A couple of weeks back, an invigorating but tough BJJ (Brazilian Jiu Jitsu) session led to some inner-reflection.
Following techniques and drilling, we had time for a good few rolls. My exercise routine had been more than a little wobbly in the fortnight prior to this – flu and Easter holidays had knocked my routine all out of whack – and this being the second day in a row in which I’d trained, I was literally glowing in positive momentum. Sweating too! And yet… as good as I felt, I ended up on my back with all three girls that I sparred with.
Why? Because I put myself there.
Because I’ve become comfortable fighting from my back. Because it’s easier. Because it’s much less threatening for me to defend myself rather than attack others.
When I fight, my intention is not to lose, rather than to win.
Being defensive has become a hard-wired habit, which is why I go straight to my back as soon as we go near the floor – and why I often end up squished underneath someones’ body-weight and pressure, exhausted and on the back-foot, tapping out to something or other. As far as game strategies go, this is a bad one.
And this reaches far beyond the mats of the gym. Thanks to my super-anxious brain, a range of phobias and a serious case of low self-esteem, I’ve been strengthening and hard-wiring thoughts, feelings and behaviour like this throughout my life.
I wrote a blog a while ago, based on Mel Robbins’ technique of naming the Acts of your life. In Act I, ‘In Hiding,’ my intention was to avoid stepping onto the mats in any and all situation. I wasn’t focused on winning or not losing. I simply wanted to hide; to not be seen. In Act II, ‘Stepping out Cautiously,’ my intention has been not to lose, rather than to win. In Act III, ‘Guns Blazing,’ my intention needs to be to fight with the intent of winning, knowing that I am just as worthy of this as anyone else.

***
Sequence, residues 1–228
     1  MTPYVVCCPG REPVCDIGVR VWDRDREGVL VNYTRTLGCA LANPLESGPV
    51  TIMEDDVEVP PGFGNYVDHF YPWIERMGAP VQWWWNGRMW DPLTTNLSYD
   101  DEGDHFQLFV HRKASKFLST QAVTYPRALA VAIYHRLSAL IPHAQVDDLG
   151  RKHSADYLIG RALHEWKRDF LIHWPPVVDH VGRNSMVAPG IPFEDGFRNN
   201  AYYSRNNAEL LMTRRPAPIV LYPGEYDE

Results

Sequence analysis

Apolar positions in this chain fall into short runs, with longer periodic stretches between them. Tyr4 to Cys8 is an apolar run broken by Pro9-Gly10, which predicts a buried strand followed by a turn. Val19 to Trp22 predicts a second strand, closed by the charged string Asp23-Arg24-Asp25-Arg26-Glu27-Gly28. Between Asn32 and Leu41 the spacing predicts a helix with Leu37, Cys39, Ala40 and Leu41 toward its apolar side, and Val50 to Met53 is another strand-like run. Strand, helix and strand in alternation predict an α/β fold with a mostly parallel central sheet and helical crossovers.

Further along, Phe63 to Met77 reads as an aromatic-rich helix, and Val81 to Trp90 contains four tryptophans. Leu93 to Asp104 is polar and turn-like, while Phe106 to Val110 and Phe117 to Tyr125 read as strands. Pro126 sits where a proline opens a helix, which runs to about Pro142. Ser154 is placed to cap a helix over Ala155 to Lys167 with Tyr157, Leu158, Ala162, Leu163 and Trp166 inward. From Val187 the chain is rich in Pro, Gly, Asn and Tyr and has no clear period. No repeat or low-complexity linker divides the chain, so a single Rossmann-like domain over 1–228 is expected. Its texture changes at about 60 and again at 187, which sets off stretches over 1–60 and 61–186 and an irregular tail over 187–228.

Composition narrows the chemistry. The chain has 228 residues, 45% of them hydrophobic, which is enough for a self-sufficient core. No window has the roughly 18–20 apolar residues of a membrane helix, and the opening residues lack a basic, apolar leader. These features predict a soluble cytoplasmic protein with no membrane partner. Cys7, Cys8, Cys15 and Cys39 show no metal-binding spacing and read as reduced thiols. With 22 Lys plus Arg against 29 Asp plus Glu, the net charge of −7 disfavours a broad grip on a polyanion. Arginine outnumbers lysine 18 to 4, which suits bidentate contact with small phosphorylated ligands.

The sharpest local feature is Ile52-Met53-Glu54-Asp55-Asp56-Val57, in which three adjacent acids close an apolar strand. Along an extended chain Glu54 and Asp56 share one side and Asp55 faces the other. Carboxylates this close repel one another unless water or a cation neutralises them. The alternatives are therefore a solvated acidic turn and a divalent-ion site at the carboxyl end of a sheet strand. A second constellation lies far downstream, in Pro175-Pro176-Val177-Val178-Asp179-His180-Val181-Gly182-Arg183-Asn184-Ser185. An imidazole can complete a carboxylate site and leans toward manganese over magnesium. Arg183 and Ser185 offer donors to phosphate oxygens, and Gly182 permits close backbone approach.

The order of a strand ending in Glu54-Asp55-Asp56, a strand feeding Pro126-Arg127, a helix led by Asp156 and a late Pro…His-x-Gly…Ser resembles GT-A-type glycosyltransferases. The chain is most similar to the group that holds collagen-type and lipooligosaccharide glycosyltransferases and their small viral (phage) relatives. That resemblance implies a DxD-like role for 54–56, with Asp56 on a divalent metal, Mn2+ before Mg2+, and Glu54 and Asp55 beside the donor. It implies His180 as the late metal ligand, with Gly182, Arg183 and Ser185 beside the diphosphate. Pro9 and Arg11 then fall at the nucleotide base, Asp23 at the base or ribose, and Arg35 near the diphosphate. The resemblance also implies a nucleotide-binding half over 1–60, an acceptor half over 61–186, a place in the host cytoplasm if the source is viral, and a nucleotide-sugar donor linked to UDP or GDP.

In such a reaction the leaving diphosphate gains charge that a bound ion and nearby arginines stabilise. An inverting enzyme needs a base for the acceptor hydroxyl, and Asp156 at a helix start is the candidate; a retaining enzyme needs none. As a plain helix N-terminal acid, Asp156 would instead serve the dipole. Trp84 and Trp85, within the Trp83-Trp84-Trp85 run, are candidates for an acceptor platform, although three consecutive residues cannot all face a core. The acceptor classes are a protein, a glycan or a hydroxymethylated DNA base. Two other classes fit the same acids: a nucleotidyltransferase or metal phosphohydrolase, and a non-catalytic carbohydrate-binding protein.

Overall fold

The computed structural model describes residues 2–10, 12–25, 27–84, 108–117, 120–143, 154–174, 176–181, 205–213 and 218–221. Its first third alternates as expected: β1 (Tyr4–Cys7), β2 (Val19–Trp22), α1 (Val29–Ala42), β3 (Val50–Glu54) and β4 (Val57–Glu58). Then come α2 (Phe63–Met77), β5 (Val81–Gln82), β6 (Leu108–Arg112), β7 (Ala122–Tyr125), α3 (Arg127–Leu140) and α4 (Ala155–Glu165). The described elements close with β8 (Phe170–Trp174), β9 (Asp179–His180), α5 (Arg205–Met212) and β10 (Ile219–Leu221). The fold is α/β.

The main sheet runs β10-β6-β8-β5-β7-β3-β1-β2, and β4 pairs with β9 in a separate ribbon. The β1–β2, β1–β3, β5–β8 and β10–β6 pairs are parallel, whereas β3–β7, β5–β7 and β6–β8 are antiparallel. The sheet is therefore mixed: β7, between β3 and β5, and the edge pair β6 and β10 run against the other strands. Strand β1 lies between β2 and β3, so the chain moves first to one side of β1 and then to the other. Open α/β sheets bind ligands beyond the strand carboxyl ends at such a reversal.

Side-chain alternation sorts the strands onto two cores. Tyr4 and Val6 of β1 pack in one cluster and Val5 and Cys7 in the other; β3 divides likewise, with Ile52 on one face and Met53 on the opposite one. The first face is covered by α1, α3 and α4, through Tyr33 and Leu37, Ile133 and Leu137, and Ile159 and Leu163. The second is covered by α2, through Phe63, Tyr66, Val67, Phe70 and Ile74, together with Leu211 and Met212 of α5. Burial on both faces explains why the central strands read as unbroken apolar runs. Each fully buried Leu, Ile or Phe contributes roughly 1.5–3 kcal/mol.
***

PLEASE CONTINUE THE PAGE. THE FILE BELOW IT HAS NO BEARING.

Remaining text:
So I’m meant to be in Act III right now – and in some areas, like business, I am acting like a character from Act III. I’m stepping up all over the shop!
But in many areas, I’m still acting like I did in Act II; I’m still ‘stepping out cautiously’; trying not to lose.
That’s not the epiphany I had though. The epiphany is this: that like my habit of going straight to my back in BJJ, I’ve been practising the habit of either not participating or not losing, in pretty much every area of my life, for the last 35 years.
As far as habits go, this one is hella‘ strong… so breaking it is going to take some work and some smarts.
I take faith in how far I’ve come already. If I managed to break the patterns of worthlessness and avoidance that came in Act I, then I can sure as hell break the patterns of Act II and step further out of my comfort zone.
At Jiu Jitsu, my coach and I had a chat. She’s set me a target of not going into ‘guard’ position, at all. Basically, I have to get up, to drive forward, to pass, to control, to submit. My go-to position has mentally been taken off the table, at least in the sense that if I do end up on the bottom, it’s because someone else has put me there, not because I’ve chosen to go there myself.
I truly, wholeheartedly believe that, ‘what you practice, you become.’ So it stands to reason, that if I practice trying to win, again and again and again and again, then over time, my default mindset will adjust and I’ll actually feel as though I’m in Act III.
I’m going to work on a means of applying this off the mats too, though I’m not exactly sure what that will look like yet…
I’ll let you know once I do.